So let’s look at how these social identities impact marketing….

How is social identity theory applied in marketing?

With social identity, we assimilate the identity of the group that we have categorised ourselves as belonging to. 

Note: Remember we can belong to more than one group at one time.

For example, when I categorised myself as a student, I acted in ways similar to my peer group. And as a result, I bought products that aligned with that social identity.

And this is where the cognitive biases can come into play.  

System 1 QUICKLY leverages cognitive biases as shortcuts to make decisions more quickly. 

Social identity theory is leveraged to tell our brain what product or service is “right” or “wrong” for us. This is all done without really researching to see whether that is the case or not. 

Related content: Read more about cognitive biases here…

Ways that some businesses use social identity…

Let's look at some examples of how social identity is weaponized by marketing before getting into whether it should be…

  1. 1. Increasing consumer engagement
  2. Building a community is a key part of any successful business and something that we encourage.

  3. However, consumers are more likely to attach themselves to a brand they think aligns with their image if they feel a strong connection to their social identity. 
  4. Some businesses use this as an opportunity to attract more people with strong social identities in order to position their brand in a specific way. Not inherently bad you might think, and a clever way to attract your ideal customers.
  5. However, it can lead to decisions being made based on social identity, rather than on what is best for the consumer.
  6. Related content: What do we mean by marketing mix?

  7. 2. Creating a desirable image…
  8. Brands are actually one of the ways that people signal which group they belong to. 
  9. Are you a Mac or a PC user?💻 
  10. Nike or Adidas?👟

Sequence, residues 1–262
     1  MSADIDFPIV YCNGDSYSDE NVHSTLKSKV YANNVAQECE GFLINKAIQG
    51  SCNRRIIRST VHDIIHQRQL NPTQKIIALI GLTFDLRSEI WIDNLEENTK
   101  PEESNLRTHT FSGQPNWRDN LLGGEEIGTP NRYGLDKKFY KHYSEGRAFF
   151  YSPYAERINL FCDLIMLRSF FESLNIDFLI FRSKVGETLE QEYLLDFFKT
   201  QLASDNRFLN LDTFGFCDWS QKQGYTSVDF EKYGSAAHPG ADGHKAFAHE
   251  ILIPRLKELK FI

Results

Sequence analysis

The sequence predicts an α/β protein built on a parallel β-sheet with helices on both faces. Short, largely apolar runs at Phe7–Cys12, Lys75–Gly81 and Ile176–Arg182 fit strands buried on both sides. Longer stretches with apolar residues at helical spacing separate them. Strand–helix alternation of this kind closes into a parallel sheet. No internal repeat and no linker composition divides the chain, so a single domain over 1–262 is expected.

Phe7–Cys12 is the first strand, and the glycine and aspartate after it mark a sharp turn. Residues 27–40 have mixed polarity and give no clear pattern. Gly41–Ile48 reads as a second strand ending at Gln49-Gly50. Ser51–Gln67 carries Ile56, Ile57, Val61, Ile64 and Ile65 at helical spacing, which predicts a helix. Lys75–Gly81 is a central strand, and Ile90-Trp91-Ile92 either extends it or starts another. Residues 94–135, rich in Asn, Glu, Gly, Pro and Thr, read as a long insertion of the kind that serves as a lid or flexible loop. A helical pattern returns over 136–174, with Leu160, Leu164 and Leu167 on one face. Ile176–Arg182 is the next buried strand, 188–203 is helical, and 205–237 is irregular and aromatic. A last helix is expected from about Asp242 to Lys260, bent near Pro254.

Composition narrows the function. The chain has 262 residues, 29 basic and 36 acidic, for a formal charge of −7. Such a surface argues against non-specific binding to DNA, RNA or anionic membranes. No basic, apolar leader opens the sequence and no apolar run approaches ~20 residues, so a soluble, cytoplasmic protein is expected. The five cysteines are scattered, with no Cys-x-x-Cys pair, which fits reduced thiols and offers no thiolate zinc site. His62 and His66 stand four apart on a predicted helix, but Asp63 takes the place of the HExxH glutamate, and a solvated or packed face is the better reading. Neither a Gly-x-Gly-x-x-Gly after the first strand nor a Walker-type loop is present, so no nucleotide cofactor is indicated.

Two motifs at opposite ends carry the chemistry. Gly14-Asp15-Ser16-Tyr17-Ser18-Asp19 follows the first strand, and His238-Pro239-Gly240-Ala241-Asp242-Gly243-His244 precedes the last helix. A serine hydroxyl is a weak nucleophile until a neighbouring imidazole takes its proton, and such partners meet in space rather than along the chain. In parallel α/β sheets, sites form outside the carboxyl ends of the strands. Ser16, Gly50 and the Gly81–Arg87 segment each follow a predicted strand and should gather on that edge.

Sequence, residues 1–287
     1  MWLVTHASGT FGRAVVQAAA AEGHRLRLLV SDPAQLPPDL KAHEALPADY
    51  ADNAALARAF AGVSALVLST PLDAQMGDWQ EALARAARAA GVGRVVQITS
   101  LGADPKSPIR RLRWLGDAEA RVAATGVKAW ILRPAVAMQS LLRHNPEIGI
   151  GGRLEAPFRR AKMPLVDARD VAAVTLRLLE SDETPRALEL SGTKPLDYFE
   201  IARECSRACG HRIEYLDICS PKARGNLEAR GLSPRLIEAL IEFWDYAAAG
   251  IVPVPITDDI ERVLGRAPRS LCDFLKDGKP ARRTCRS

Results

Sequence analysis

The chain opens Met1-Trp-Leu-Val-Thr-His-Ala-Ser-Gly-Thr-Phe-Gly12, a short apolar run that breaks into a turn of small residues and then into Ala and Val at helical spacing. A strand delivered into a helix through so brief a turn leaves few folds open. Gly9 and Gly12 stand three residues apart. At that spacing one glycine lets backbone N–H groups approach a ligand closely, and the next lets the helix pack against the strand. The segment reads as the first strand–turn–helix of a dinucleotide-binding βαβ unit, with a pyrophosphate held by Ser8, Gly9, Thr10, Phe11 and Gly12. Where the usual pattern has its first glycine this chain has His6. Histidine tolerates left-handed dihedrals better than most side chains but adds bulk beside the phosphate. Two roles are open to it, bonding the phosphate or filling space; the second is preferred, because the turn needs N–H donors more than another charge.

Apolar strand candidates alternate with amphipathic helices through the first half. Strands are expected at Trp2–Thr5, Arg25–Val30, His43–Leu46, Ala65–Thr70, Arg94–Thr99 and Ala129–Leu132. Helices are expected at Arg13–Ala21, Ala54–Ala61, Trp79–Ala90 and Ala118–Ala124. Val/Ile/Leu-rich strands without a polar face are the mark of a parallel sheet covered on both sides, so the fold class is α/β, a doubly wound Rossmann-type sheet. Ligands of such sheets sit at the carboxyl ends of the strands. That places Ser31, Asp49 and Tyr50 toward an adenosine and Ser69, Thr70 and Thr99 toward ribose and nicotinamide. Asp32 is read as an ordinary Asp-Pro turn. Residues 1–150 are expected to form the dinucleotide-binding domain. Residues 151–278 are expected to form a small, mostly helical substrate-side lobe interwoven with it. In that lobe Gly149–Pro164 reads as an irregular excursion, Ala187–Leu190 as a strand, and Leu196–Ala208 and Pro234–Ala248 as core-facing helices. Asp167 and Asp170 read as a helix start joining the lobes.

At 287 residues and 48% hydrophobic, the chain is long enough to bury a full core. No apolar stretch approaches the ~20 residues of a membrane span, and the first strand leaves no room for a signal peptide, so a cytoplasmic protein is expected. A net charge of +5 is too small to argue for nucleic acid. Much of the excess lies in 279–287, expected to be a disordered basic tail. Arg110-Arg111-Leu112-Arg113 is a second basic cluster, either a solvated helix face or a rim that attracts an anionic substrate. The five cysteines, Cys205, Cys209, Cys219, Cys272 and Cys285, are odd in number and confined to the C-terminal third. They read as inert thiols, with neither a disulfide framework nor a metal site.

11. Increasingly today brands signal an association with a political movement or social cause ie. climate change. 
  12. What image a consumer wants to project depends on the social identity that they have and the community that they categorise themselves in. 
  13. Many brands use this desire to fit into their community and signal their membership to create branding and promotional material.


Is it ethical to use social identity in marketing?

Lots of marketers are OB-sessed with hacking the brain and using cognitive biases to influence consumers buying decisions.

But is it right to use social identity to impact marketing?

Social identity theory was developed in the late 1970s using a series of studies referred to as the minimal group paradigm. They investigate the minimal conditions required for discrimination to occur between groups. 

One of the most famous of these experiments was the Jane Elliot Experiment (blue eyes and brown eyes). 

In this experiment, children were split into two groups: blue eyes and brown eyes, with one group believing they were superior.

Ultimately it led to discrimination and bullying among groups. 

This showed that establishing differences, even arbitrary ones, led to division and discrimination. The world is becoming increasingly more partisan, and adding to this divide, or bolstering it in any way is unethical.

Plus social identity doesn't necessarily lead to the right decision. 

For example, many companies take a carbon-neutral approach to business and plant a tree for every purchase. Those that identify as eco-warriors may buy from them over competitors as it aligns with their in-group. However, this cognitive bias allows them to skip whether the company is truly ethical, and can give way to green washing.

Of course, it’s really important that we appeal to the right people. But doing this based on in-group favouritism isn’t something we recommend. It’s essentially playing on the concepts of the minimal group paradigm and manipulating the in-group bias in order to enable purchases. 

I don’t know about you, but that doesn’t really sound like very ethical marketing to me .

We need to think about cognitive biases as errors. Something to understand but not capitalise on. 

Related content: The ugly truth about cognitive biases

Want to learn more about cognitive biases?

The brain has a load of cognitive biases that are burrowed deep within, just waiting to help us make the wrong purchase decision. 

That’s why Kenda’s next book will be all about these biases and how to become an ethical marketer by deconstructing these biases. 

So, If you want to find out more about the cognitive biases at play, how they affect marketing and how you can deconstruct them then sign up to our waitlist and be the first to hear about Kenda's new book.